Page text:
Ask anyone who has ever gone through a divorce whether they have recommendations for how the process could have gone better and I bet they would have a list of ideas. They would likely identify a need for their legal counsel to have communicated more frequently with them and to have helped more to educate them about their options at each step of the process. They would likely say they worried that their legal counsel had a perverse incentive to provide more services (more hours of billable work) seemingly regardless of the effectiveness of those services because they billed by the hour and the client didn’t see or understand much of the work that the attorney was doing.
Many professions, including law and medicine, are rethinking the most basic aspects of the services they provide and how they provide them and are defining new ways of doing things.
I was reminded of this when reading an article in the New York Times titled When Medicine is Futile
, which addressed the issue of whether medical providers are sometimes (or even as a matter of standard office policy) over-treating patients during end-of-life medical care.
The article brought up the issue of whether medical providers—in the name of patient protection and patient care—may actually be working against the patient’s best interests (even affirmatively harming patients) by administering an inappropriately excessive—and futile—list of medical interventions.
The article references a new report by the Institute of Medicine titled Dying in America: Improving Quality and Honoring Individual Preferences Near the End of Life (2014)
. Some of the recommendations for improved care include increased provider-patient communication, education of medical providers in alternatives such as palliative care, increased patient planning and decision making, and different payment structures that may better align with patient care quality more than just the quantity of the services provided. The gist of the recommendations to improve patient care relate mostly to increased communication, increased education of providers and patients about alternative options, and creating systemic incentives to reward quality patient care over simply providing a high quantity of billable services.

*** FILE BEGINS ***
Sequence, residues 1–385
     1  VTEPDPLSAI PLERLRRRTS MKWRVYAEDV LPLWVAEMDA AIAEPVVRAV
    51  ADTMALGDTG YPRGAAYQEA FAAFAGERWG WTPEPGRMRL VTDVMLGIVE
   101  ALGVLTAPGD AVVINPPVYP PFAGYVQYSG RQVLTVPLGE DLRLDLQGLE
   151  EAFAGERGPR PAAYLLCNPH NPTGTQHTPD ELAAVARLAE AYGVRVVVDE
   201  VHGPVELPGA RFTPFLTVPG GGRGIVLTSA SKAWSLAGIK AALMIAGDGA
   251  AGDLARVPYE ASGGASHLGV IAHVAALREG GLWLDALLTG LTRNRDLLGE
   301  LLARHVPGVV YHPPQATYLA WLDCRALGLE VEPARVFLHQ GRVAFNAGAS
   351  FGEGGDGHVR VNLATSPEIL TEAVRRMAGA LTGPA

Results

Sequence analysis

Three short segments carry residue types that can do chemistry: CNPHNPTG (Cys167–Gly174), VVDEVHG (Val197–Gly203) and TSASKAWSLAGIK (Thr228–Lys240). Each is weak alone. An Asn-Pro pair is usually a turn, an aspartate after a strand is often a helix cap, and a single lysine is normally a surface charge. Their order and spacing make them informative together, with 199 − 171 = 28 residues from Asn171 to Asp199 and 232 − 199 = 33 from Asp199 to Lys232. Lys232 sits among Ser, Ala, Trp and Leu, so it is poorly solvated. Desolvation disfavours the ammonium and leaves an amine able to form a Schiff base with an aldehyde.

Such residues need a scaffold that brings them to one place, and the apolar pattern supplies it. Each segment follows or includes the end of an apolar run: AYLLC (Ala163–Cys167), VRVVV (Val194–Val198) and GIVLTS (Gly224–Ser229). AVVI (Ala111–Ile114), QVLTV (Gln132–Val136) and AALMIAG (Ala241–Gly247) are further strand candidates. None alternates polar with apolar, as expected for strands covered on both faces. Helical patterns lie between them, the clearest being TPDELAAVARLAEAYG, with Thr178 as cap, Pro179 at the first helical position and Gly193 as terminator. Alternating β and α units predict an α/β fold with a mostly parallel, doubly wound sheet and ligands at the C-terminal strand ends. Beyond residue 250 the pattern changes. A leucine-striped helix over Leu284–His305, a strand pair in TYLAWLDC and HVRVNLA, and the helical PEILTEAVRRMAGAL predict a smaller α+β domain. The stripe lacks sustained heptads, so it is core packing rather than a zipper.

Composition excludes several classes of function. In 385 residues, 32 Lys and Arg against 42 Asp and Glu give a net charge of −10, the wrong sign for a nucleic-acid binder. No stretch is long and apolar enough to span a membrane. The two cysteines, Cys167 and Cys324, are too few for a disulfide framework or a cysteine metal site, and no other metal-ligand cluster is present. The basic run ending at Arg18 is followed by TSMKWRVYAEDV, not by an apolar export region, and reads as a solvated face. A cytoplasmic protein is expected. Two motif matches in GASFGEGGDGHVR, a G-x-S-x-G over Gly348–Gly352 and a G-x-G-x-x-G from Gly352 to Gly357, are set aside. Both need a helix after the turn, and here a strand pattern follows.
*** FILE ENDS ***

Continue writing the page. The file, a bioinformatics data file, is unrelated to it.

Similar to a hospital emergency room, courtrooms offer intensive and expensive services. In the court system, attorneys rack up immense billable hours based on providing clients with a large quantity of paperwork to submit to the court. In the courtroom, attorney-client communication, client education about their options for resolution and client power to make their own decisions can be lacking.
The legal system, like the medical system, is going through a paradigm shift where legal service providers are rethinking even the most basic aspects of the services they provide and how they provide them and are finding new ways of doing things.
Collaborative Practice providers implement best practices similar to those recommended for the medical profession referenced in the report mentioned above, only in the area of legal representation instead of medical care. In the Collaborative process
, there is an increased focus on the quality, rather than just the quantity, of legal services. This change in focus is inherent in the agreement of the clients and attorneys that they will not go to court to resolve their conflict as part of the Collaborative process. In the Collaborative model, clients meet with a team of professionals
to share information, learn about alternatives that might not have been considered, and evaluate their options in an open discussion. This provides clients with increased knowledge about their options, increased communication with professionals, and true decision-making authority.
More Collaborative Law Posts